No, not if you are one of the parties on the phone call. Texas is a one-party consent state, which means you can record a conversation that you are a part of without telling the other person in the conversation that you are recording them.
Texas Penal Code Section 16.02(c)(4) creates an affirmative defense to wire-tapping if one of the parties intercepts or gives consent to intercept the communication. This makes Texas a “one-party consent” state.
18 USC 2511 uses almost identical language, with an exception for if one party consents. A violation – where no one in the conversation consented to the recording – could result in a fine, imprisonment up to five years, or both.
Under both state and federal law, Texas residents can record a conversation they are in without notifying the other person(s) in the conversation.
If you are a party to a conversation, you can record it. You generally do not have to get consent from anyone else in the conversation to record. However, you should be aware of phone calls being placed to states that are “two-party consent” states. At least 10 states have laws that require the consent of every party to a phone call or conversation. These “two-party-consent” states include California, Connecticut, Florida, Illinois, Maryland, Massachusetts, Montana, New Hampshire, Pennsylvania, and Washington.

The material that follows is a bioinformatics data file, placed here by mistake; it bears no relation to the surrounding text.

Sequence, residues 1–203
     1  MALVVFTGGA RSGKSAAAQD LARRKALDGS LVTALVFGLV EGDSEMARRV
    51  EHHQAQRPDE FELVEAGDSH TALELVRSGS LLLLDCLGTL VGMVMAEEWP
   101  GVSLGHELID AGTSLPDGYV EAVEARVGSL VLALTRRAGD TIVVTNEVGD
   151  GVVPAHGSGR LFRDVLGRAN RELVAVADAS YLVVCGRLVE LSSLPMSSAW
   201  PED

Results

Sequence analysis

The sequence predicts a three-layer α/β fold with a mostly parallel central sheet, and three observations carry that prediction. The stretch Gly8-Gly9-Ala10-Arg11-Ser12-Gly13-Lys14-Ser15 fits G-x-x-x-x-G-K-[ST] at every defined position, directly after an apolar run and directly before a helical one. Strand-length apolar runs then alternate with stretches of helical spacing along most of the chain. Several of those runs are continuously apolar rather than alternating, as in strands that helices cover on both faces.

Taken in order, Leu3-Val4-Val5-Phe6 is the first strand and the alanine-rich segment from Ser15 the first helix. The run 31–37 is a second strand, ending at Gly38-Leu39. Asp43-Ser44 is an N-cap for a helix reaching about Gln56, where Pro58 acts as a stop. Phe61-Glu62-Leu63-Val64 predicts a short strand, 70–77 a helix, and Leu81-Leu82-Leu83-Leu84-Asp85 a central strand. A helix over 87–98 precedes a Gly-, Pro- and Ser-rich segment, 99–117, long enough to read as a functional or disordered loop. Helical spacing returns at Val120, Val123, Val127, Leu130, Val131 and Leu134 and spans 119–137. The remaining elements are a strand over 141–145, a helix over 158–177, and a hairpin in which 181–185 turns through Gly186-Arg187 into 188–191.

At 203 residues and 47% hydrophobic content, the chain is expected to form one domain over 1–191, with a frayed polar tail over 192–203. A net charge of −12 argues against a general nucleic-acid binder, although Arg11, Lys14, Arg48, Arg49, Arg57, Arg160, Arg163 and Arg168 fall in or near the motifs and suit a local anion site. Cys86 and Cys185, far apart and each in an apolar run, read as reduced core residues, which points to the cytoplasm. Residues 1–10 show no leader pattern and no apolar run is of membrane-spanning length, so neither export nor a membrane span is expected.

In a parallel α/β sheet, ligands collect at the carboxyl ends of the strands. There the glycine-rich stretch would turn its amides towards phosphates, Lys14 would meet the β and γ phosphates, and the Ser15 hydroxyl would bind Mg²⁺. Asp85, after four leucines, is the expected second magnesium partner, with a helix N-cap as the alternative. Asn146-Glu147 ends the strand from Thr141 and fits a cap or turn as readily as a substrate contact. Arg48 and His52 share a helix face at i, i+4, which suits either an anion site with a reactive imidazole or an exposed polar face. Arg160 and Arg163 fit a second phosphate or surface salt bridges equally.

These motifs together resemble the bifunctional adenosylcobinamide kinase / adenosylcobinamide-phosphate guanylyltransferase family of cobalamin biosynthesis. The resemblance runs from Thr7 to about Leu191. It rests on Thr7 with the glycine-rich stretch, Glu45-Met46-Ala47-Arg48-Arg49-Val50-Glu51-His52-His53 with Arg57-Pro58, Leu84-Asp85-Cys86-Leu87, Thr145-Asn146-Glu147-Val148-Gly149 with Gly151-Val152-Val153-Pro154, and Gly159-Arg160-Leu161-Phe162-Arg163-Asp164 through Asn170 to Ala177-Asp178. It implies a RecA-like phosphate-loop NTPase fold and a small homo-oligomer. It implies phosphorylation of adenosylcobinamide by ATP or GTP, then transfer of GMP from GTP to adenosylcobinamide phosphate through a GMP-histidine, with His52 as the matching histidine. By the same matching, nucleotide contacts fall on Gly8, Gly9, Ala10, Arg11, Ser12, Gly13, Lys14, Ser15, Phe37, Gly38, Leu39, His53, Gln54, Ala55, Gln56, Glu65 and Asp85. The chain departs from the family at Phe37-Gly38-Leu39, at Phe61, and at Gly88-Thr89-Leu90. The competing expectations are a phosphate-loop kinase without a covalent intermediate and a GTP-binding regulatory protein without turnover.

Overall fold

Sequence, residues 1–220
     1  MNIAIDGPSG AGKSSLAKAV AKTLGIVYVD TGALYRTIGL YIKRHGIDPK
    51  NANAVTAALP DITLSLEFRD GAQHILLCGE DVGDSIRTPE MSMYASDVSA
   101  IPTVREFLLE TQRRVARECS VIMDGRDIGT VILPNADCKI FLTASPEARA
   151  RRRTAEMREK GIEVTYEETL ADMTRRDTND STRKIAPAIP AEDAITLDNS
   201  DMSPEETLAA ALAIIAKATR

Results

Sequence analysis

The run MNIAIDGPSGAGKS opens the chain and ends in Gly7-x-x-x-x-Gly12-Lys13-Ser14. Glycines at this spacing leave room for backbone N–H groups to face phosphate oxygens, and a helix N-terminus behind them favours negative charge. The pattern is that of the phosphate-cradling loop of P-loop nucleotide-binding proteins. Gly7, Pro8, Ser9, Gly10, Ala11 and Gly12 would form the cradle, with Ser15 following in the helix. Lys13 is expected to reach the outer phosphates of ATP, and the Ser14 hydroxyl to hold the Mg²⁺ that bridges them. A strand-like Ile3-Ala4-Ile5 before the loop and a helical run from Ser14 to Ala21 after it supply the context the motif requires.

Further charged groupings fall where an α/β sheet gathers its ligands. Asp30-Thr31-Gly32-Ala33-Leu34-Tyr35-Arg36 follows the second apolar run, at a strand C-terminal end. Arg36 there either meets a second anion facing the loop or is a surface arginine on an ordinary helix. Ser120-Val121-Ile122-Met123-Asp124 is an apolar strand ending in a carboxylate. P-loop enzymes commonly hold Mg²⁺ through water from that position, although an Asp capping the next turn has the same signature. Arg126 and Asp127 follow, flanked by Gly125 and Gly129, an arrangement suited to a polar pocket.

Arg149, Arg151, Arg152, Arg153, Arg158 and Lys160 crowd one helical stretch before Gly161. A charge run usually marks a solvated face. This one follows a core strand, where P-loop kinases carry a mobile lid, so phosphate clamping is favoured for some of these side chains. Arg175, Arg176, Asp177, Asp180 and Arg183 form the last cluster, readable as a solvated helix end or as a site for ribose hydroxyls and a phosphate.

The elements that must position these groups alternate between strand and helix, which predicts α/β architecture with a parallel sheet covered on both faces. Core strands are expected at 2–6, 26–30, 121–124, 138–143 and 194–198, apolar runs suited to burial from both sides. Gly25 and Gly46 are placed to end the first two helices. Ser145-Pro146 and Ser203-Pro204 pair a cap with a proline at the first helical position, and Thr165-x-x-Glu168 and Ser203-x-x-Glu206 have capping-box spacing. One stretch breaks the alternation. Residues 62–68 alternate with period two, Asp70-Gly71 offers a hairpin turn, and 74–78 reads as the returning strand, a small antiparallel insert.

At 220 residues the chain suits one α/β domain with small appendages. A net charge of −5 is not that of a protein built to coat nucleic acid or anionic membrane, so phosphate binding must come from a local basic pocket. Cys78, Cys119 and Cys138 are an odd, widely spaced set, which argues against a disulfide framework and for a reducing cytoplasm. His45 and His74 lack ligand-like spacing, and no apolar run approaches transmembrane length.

Recording someone else’s phone call, in most cases, is going to fall within the state and federal prohibitions against wiretapping. You should not record a conversation you are not a part of without first consulting with an attorney about the legality of what you are planning to do.
Under federal law, 18 USC 2511, it is illegal to record conversations other people are having where they have a reasonable expectation of privacy. You can record conversations that you are a part of. Once again, Texas law generally mirrors federal law in regards to making recordings of other people: Texas Penal Code 16.02 allows a person who is a party to a conversation to record it, but generally prohibits others from recording conversations.
There is no prohibition to recording police activity that is taking place in public view. You are not, however, allowed to interfere with public duties by your presence or actions.
Under Texas and federal law you can record conversations between other people as long as one of the people in the conversation gave you permission to make the recording. Other exceptions also apply, such as law enforcement officials acting pursuant to a proper wire-tapping or trap and trace order. Pursuant to Code of Criminal Procedure 18.20, you may record in-person conversations that are occurring in a public place, without the consent of the people in the conversation.